Culturing butter at home to enjoy with sourdough made with freshly milled wheat

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Oh man I hate you! I am irresistibly drawn to your coeliac torture porn…


churning butter could be good exercise for that shoulder


Dammit, @jlw. Because of you I’ve grown a sourdough starter using our airborne Bay Area critters and have been forcing my family to eat my sourdough bread experiments. The first one was a bit, uh, dense (still tasty, though!), but it turns out that was because of user error on my part. Subsequent loaves were better and should be even better now that I ran out and bought a food scale.

Now I’m going to have to look into this butter thing…


Nice!, I love making homemade pizza at my home once in a while. I use Martha Stewarts recipe for dough, then I let it rise for 2-24 hours. If I let it rise for 24-hours I cover it and put it into the fridge for later.



@jlw You better watch out, or I’m going to pinch one of your loaves.



I’ve done this a few times. It’s a fun and interesting thing to do a few times.

But it costs significantly more, and the results aren’t as good as just buying cultured butter.

One thing I picked up is that the cultures used for yogurt and cultured butter milk are not the same as those used to culture butter. Ideally you want to culture it with something creme fraiche as it tends to use the other set of cultures that are more butter appropriate. But that tends to send the price even higher.

So fun, and you’ll learn a bit about butter and fermented dairy, but it’s not something worth doing on the regular.

Caputo is great for more traditional neopolitan/wood fired and thin crackery crusts.

For NY style pizza the baker/pizzaiolo I used to work for uses gold medal all trumps, said the full strength brand can work too. Both are close to standard high gluten commercial baking flours in the US. And are near as I can tell wholesale only, like the Caputo used to be.

Heckers and King Arthur’s commercial flours seem well liked as well. KA is agressive about selling it’s specialty and commercial flours retail. The others might take a bit of looking or require you to buy a 50lb sack. Again like it used to go with Caputo before it caught on.

I know that around 1 1/2 cups of water works with around 3 1/2 cups of flour. Reserving 1/4 cup of flour or water will probably be enough to let you fiddle. You can also just add a bit more flour or water. It will not hurt anything.

You will get more consistent results if you weigh your ingredients. Volume measurements for powders is notoriously finicky, and it’s easier to scale your recipe up and down with a scale.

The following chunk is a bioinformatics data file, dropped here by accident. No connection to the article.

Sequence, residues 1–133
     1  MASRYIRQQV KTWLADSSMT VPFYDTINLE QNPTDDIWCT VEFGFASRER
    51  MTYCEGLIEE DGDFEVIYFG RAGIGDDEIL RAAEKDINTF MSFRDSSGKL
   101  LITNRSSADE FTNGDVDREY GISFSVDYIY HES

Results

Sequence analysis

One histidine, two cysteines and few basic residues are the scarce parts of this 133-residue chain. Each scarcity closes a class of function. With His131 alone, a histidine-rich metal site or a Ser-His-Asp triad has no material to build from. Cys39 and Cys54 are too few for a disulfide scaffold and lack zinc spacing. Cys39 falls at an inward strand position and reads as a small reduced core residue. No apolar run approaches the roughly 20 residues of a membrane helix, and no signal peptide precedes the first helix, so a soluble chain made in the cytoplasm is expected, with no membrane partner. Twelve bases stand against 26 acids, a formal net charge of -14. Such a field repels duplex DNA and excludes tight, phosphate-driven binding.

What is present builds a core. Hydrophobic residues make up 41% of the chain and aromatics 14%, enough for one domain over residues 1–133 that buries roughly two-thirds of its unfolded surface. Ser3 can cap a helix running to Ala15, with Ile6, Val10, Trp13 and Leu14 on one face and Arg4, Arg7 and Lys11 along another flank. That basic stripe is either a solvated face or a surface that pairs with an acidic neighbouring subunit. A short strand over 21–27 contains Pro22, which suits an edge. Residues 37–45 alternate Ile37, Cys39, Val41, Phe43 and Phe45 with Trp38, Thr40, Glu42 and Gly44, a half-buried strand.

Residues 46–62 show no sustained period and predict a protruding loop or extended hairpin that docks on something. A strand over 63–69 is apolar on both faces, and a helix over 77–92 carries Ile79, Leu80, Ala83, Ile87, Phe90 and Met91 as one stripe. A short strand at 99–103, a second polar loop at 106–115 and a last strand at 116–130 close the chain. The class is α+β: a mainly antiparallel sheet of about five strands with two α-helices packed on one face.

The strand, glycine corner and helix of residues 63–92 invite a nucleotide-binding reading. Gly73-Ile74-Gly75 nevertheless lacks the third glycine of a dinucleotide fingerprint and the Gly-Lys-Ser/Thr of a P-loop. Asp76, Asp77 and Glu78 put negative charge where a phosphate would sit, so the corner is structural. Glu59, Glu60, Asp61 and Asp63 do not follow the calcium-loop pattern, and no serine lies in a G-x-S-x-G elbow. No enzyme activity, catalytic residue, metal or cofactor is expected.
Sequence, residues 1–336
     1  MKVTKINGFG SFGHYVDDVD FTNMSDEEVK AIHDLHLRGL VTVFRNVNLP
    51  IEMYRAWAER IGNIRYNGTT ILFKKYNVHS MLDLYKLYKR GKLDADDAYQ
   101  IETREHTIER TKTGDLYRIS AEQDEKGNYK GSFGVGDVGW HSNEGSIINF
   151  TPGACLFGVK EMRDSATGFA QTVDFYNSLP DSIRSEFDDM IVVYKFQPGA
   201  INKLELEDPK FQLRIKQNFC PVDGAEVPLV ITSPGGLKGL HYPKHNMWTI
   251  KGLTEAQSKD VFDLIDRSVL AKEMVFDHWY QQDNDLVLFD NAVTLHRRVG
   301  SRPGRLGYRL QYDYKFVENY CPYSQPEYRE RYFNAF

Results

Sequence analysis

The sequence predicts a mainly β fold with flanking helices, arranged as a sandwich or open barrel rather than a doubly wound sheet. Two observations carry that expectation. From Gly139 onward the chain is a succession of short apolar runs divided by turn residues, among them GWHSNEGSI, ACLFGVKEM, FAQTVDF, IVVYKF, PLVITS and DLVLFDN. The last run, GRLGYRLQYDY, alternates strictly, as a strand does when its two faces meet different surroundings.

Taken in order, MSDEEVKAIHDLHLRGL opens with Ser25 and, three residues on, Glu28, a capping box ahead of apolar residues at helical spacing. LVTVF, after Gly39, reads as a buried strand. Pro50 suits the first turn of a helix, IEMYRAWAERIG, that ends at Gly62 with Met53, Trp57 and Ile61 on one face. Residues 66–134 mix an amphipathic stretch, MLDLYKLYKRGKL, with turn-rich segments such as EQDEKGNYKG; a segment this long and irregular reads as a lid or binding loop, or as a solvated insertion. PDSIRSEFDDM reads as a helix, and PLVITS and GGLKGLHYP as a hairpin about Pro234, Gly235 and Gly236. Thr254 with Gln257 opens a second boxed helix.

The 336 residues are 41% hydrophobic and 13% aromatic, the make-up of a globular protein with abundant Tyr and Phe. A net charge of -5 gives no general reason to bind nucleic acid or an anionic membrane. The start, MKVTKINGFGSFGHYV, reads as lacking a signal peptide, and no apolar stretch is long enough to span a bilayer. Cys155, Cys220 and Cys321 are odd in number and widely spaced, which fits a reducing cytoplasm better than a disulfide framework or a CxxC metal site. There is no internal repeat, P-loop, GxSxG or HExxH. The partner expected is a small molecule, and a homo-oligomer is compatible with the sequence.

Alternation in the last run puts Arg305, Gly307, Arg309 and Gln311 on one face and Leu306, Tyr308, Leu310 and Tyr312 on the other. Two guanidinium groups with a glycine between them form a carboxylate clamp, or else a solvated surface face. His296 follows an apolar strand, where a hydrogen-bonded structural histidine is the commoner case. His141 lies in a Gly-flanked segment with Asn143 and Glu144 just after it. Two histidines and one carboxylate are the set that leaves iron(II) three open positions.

For instance my usual bread is 700g AP flour, 270g whole wheat, 30g gluten flour (to mimic bread flour), to 850g water. It’s quite high hydration but I like it that way.

FAR less fiddly and “feel right”-y, which is mostly a product of using volume measurements. It removes a lot of the subjectivity of it.

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Your loaves look under-fermented. Give them more time…

And look into overnight autolyse. It’ll make all he difference for whole wheat fresh milled flours.

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You’re making my loaf of Wonder Bread look pretty bleak about now.

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Homemade butter! Awesome!

I usually toss a tablespoon of diastatic malt into my dough mixes - (used to buy it online but now I make my own) - and the yeast loves that stuff. Fresh made butter is amazingly rich in flavour. All of this stuff takes more labour (and usually cash) than any sort of store-bought stuff but that’s not really the point is it? Come the zombie apocalypse we’ll be able to have healthy and delicious snacks between severing the heads of the undead. It’s good to have a plan.

Also - yesterday I cooked a whole pig’s head. The kitchen was like a fucking crime scene.


I noticed that you put the flour in as cups - I would highly recommend making bread by weighing the ingredients in grams and using that measurement every time.

Homemade butter is awesome, but I’ve only done “churned” butter in the food processor.


Baking does not require all the finicky stress people claim it does. I use cup measures, I eyeball amounts, my pinch is not your pinch, etc. People have been baking bread, brewing beer, etc for thousands of years – I’m not gonna break anything.

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